“That meant a lot to me that she cared enough to help me in that situation,” Germick said.
Acworth resident Rebecca Lewis said she likes coming to Polaris because her teachers are encouraging.
“They understand that each one of us has a different story and they work with you, no matter what it is you’re going through or where it is you’re at, they’re willing to help,” the 19-year-old said.
Lewis previously attended Etowah, but said she moved to Polaris because she had difficulty getting along with some other students.
“I was never a bad student, but people didn’t like me too much,” she said. “So I came here to succeed without having to compete… I don’t have to compete for attention with my teachers because they might recognize another student over me. It’s smaller classes and more one-on-one time.”
Frank Anadio, a Woodstock resident, said he was supposed to graduate two years ago but dropped out when his parents asked him to come work with them. The 19-year-old went to work for about a year-and-a-half.
“Heating and air was just not something I wanted to do with my life,” Anadio said.
Anadio decided to go back to Polaris because his former school wasn’t a good fit.
“I didn’t like most of my teachers, they weren’t really helpful to me or explain things when I asked,” he said. “When I came here, everything was just smoothed right over.”
“What I was doing right after I dropped out of school was definitely pushing me in the right direction because I don’t want to live paycheck to paycheck,” Anadio said. “I’m just really trying to focus and I want to build my future as quick as possible, but not struggle so much. I struggled a lot in high school so coming here is a very nice change.”
Before and after Polaris’ name change, Board of Education Chair Janet Read has advocated for more recognition of the program.
At a Canton Rotary meeting last year, Read asked for change in the way these students are considered.
“I would really like to see us celebrate the successes that our students who graduate, even though they didn’t graduate in four years and three summers, that they did graduate. Let’s celebrate that and not label them because it took a little longer,“ she said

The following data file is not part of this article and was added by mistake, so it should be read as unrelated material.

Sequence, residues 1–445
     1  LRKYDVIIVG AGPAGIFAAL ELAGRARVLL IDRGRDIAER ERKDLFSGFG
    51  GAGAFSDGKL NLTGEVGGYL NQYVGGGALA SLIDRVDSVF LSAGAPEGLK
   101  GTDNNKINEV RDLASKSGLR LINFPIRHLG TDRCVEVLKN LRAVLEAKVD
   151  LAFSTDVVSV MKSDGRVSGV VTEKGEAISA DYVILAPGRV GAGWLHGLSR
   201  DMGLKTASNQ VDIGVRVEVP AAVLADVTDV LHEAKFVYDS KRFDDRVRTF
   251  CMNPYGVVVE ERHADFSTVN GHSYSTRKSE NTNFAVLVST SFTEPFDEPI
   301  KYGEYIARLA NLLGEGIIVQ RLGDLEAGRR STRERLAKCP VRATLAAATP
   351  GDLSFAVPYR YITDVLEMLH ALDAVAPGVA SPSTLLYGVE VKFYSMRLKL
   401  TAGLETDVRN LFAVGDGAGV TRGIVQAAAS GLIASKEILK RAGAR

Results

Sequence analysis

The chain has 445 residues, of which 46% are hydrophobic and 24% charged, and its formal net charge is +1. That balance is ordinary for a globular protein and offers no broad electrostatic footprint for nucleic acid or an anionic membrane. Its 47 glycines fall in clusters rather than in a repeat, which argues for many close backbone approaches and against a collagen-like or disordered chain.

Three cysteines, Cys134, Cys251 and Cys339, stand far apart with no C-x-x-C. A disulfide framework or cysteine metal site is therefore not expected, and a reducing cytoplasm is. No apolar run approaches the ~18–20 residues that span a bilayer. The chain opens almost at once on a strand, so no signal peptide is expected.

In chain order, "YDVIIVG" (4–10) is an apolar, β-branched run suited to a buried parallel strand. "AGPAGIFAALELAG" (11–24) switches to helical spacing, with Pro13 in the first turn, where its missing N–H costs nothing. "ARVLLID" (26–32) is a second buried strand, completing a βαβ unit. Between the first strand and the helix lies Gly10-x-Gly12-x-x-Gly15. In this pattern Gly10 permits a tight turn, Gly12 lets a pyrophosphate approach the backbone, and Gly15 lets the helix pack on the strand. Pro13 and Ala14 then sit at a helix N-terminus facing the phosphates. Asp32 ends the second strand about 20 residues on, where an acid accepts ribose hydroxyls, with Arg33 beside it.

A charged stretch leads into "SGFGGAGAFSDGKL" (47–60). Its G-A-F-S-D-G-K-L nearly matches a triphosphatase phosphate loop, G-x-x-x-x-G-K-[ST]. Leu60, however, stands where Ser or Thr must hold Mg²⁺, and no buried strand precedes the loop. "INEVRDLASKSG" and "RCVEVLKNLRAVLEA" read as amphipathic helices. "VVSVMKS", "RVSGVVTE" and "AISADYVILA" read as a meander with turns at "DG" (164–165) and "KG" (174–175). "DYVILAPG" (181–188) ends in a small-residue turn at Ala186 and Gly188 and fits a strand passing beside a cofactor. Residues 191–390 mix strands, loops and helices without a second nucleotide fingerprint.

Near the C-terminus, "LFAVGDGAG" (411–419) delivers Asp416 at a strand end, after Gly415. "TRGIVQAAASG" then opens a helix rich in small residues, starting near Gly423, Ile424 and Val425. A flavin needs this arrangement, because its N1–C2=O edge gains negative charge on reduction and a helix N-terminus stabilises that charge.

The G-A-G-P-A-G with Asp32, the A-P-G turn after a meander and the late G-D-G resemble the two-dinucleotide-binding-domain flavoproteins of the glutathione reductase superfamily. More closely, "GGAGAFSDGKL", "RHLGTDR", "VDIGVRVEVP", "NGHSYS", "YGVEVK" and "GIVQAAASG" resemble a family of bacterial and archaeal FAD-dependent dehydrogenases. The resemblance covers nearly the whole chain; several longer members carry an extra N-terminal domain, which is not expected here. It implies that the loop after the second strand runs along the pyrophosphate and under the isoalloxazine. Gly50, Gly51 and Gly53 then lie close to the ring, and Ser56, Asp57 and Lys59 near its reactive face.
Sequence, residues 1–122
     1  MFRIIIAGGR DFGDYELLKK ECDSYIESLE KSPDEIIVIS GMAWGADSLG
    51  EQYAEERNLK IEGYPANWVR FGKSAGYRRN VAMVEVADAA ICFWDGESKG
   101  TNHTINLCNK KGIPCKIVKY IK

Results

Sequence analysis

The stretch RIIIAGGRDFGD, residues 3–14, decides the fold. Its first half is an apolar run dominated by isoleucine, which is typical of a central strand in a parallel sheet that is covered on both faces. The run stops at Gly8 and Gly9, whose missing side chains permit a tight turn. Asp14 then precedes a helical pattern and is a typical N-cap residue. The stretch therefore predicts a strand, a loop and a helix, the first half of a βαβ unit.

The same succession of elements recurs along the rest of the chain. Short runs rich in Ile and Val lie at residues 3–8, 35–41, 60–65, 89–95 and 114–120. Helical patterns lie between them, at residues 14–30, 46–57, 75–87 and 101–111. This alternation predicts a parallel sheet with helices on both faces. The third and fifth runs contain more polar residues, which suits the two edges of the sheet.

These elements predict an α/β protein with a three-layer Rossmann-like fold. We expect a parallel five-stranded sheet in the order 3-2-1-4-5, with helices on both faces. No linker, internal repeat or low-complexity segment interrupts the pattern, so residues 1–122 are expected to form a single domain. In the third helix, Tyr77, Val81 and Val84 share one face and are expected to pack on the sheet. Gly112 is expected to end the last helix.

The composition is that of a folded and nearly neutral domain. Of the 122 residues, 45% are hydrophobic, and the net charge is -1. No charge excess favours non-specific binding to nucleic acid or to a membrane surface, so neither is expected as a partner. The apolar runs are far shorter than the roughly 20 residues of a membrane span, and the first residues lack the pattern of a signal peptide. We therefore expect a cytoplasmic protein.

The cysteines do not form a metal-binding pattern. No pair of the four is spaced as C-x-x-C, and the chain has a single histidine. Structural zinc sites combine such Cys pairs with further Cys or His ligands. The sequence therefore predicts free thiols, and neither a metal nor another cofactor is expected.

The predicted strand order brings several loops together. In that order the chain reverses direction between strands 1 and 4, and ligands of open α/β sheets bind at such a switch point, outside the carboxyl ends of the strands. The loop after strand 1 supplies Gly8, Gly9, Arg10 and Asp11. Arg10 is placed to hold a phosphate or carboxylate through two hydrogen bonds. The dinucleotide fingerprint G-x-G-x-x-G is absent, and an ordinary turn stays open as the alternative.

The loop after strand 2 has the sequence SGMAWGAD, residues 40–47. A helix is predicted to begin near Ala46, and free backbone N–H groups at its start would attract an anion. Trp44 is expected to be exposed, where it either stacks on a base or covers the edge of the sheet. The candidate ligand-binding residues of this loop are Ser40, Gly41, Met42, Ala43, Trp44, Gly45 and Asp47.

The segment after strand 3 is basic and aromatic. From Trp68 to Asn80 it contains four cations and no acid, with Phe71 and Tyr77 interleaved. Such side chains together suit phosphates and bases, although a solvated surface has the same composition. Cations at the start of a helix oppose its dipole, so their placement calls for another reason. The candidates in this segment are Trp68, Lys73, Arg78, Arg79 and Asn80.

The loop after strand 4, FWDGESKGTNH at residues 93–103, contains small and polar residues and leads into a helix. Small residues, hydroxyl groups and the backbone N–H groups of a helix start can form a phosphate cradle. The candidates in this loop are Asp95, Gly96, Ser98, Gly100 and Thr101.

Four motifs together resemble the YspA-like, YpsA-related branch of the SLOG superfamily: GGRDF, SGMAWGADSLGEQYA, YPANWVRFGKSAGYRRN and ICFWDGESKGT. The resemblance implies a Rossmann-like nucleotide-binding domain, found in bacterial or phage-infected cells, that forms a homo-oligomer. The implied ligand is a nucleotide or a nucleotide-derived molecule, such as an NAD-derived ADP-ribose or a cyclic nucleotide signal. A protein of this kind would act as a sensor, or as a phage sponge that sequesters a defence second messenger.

At the December school board meeting, Read suggested inviting the local legislative delegation to Polaris Evening Program “to see the real-life examples” of students who require extra time to graduate.
“I think that would be a great way for them to see the challenges but yet the opportunities that are out there for kids who graduate in more than four years but they are considered graduates,” she said.
All of the students supported her efforts and agreed they should be counted as graduates.
“They should still be counted if they graduate,” Anadio said. “Graduating is graduating, whether it be on time or later. Some people just can’t compare to others.”
Germick said her grandmother is coming from Ohio to watch her graduate.
“It’s really important to my family to see that and to have that memory,” she said. “I was supposed to graduate last year, but that’s still a memory and that’s still a thing that my family is willing to travel from Ohio to see because it’s that important.”
After graduation, Pedroza said she wants to attend a college in Savannah where she can earn her bachelor’s degree in psychology to work with children. Germick said she’d like to go to a nearby community college while continuing to work at her job. Lewis said she is awaiting her acceptance letter from Pellisippi State Community College in Knoxville, Tenn., where she wants to pursue a career as a lawyer.
Anadio said he hopes to pursue a degree in history and minor in political science and eventually earn his doctorate and become a U.S. history teacher.
“We’ve got some big dreamers, too,” Ashley said. “Just because they may have some bumps in the road doesn’t mean they don’t want to go on and be successful.”